Defending Springsteen’s use of “speedball” in “Glory Days”

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In the comments to the Springsteen post earlier, there were several of you who took issue with Springsteen’s use of the word “speedball” in the lyrics to “Glory Days.”  As in “he could throw that speedball by you, make you look like a fool,” for those unfamiliar.

This bothered me for many years, and I’m sure I’ve complained about it at HBT or my other blogs at some point in the past. I mean, really, who says “speedball?”

But we must stop our complaints now, as “speedball” is legit baseball terminology.  Or at least it’s not unprecedented baseball terminology.

For my birthday last week, my parents bought me Paul Dickson’s wonderful Baseball Dictionary.  In it you can find definitions and origins to just about every baseball term you’ve ever heard and thousands that you haven’t.  And lo and behold, on page 809, we have the following two entries:

speedball  A fastball. 1st use: 1918.  “[Jim Vaughn’s] buzzer, the speedball, is a mighty breeze and is difficult to hit” (Boston Herald and Journal, Sept. 6; Peter Morris)

speedballer  A fastball pitcher, “Joe Ginsberg … caught such speedballers as Virgil Trucks and Dizzy Trout with the Tigers” (The Sporting News, March 30, 1955)

There you have it.  “Speedball” is not used often, but it has been used.  If it’s good enough for the Boston Herald and  The Sporting News — at least back when those publications really had their speedballs working — and if it’s good enough for Bruce Springsteen, it’s good enough for us.

Bruce Maxwell first MLB player to kneel during National Anthem

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Athletics’ rookie catcher Bruce Maxwell did not stand for the National Anthem on Saturday night. He’s the first MLB player to do so and, like other professional athletes before him, used the moment to send a message — not just to shed light on the lack of racial equality in the United States, but to specifically protest President Donald Trump’s suggestion that NFL owners fire any of their players who elect to protest the anthem by sitting or kneeling.

“Bruce’s father is a proud military lifer. Anyone who knows Bruce or his parents is well aware that the Maxwells’ love and appreciation for our country is indisputable,” Maxwell’s agent, Matt Sosnick, relayed to the San Francisco Chronicle’s Susan Slusser on Friday. He continued:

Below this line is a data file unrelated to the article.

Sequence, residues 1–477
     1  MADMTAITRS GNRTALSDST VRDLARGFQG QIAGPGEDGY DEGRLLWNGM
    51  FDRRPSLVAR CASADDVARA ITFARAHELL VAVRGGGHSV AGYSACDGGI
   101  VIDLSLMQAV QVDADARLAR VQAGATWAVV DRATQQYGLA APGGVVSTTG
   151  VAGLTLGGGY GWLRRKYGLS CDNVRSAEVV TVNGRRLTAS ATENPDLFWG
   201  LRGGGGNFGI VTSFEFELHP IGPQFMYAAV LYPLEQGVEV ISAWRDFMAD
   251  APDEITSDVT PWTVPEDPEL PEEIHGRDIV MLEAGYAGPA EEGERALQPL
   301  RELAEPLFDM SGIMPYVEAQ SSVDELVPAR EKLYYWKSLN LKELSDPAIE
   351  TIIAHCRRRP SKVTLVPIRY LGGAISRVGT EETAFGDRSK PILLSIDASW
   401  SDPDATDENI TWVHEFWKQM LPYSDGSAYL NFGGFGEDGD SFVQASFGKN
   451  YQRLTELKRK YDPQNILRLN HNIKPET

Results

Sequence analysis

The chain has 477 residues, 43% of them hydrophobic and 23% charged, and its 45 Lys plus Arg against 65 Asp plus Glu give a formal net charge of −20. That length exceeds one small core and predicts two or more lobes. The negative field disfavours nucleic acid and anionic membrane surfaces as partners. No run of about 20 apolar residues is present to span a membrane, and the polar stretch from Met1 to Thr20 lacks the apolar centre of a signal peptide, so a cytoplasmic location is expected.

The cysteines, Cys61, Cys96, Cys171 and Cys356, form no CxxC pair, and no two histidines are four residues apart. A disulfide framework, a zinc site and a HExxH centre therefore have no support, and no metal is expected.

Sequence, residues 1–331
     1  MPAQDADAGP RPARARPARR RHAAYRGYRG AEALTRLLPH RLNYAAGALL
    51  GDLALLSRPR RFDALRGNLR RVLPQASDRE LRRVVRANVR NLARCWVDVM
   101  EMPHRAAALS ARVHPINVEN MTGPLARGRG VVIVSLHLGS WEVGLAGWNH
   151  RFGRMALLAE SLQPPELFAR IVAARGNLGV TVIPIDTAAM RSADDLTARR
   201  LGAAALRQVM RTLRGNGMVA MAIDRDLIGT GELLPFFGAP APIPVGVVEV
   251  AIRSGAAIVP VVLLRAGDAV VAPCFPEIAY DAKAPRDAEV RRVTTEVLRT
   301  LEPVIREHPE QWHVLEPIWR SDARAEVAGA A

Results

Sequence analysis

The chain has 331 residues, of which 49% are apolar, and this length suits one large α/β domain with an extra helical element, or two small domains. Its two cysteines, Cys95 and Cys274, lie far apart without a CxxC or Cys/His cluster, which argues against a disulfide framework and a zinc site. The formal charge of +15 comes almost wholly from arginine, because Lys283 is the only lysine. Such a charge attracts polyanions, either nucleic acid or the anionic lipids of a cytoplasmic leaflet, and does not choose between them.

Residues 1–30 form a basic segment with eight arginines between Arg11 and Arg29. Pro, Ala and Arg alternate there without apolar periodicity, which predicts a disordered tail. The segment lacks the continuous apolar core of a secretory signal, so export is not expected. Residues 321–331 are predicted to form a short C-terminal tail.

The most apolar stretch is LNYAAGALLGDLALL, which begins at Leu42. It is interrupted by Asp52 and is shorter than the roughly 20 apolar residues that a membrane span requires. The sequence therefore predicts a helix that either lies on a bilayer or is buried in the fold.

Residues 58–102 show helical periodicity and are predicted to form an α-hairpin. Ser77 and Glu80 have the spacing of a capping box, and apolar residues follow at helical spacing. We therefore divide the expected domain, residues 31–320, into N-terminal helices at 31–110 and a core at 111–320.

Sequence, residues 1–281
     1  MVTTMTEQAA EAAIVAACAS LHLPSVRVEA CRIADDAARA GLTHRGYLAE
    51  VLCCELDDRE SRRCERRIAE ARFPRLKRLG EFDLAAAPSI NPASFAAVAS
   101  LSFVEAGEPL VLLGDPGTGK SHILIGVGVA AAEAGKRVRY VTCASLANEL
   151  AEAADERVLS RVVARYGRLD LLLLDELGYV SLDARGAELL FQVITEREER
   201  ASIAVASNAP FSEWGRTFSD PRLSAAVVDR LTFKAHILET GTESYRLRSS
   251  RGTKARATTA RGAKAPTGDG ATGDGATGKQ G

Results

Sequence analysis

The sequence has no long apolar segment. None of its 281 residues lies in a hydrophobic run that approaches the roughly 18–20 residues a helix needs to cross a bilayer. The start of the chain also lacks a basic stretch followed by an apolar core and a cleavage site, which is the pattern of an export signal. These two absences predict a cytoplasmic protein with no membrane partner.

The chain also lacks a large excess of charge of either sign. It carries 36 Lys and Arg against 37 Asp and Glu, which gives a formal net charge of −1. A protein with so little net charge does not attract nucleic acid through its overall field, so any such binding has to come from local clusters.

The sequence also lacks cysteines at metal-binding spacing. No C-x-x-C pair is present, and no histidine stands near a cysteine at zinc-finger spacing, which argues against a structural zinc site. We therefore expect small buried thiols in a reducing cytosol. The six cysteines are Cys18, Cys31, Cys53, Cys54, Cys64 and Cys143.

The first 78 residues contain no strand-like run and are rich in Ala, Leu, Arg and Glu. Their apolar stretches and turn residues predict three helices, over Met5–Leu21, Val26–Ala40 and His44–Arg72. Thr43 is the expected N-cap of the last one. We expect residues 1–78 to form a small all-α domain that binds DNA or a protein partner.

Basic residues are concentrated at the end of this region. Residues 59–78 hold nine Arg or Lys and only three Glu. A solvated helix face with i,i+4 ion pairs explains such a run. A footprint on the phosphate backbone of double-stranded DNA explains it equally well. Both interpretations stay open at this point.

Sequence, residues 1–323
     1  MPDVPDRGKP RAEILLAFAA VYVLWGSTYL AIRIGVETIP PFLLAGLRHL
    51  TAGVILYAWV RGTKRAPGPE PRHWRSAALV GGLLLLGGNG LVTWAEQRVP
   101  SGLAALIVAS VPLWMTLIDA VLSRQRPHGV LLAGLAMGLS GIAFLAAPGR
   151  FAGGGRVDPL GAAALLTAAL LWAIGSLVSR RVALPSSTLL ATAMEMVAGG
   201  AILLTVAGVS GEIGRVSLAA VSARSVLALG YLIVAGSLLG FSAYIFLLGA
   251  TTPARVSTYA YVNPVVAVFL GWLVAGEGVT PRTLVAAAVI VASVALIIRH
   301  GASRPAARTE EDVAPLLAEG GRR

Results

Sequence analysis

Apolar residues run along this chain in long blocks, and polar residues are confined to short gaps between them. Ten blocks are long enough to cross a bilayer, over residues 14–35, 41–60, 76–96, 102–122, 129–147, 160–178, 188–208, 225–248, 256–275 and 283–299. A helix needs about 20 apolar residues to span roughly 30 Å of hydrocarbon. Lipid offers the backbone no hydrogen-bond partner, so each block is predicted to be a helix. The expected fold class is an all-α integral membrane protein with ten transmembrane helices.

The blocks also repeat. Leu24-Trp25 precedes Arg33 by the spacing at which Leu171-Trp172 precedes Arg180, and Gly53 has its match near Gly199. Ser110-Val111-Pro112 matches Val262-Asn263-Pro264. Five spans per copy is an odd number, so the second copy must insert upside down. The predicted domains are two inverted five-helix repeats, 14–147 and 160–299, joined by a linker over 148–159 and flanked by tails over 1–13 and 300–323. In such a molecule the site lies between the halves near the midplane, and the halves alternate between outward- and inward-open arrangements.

Bruce has made it clear that he is taking a stand about what he perceives as racial injustices in this country, and his personal disappointment with President Trump’s response to a number of professional athletes’ totally peaceful, non-violent protests.

Bruce has shared with both me and his teammates that his feelings have nothing to do with a lack of patriotism or a hatred of any man, but rather everything to do with equality for men, women and children regardless of race or religion.

While Maxwell didn’t make his own statement to the media, he took to Instagram earlier in the day to express his frustration against the recent opposition to the protests, criticizing the President for endorsing “division of man and rights.”

Despite Trump’s profanity-laced directive to NFL owners on Friday, however, it’s clear the Athletics don’t share his sentiments. “The Oakland A’s pride ourselves on being inclusive,” the team said in a statement released after Maxwell’s demonstration. “We respect and support all of our players’ constitutional rights and freedom of expression.”

Whatever the fallout, kudos to Maxwell for taking a stand. He may be the first to do so in this particular arena, but he likely won’t be the last.

Alex Wilson broke his leg on a 103-MPH comebacker

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This one is brutal. Tigers’ right-handed reliever Alex Wilson was diagnosed with a broken leg after taking a blistering 103.8-MPH line drive off of his right leg during Saturday’s game against the Twins. According to the Detroit News’ Chris McCosky, it’s a non-displaced fibular fracture, but will still warrant an extended recovery period and signal the end of Wilson’s season.

Wilson replaced Drew VerHagen to start the eighth inning and worked a full count against Joe Mauer. Mauer roped an 93.3-MPH fastball back up the middle, where it struck the pitcher on his right calf. While Mauer took first base, Wilson got to his feet and tried to toss a warm-up pitch, but was in too much pain to continue and had to be helped off the field.

Even in a season that isn’t going anywhere in particular, this isn’t how you want it to end. The Tigers have yet to announce a recovery timetable for the 30-year-old reliever, but he won’t return to the mound until 2018. He exited Saturday’s outing with a 4.35 ERA, 2.3 BB/9 and 6.3 SO/9 over 60 innings.

The Tigers currently trail the Twins 10-3 in the bottom of the ninth inning.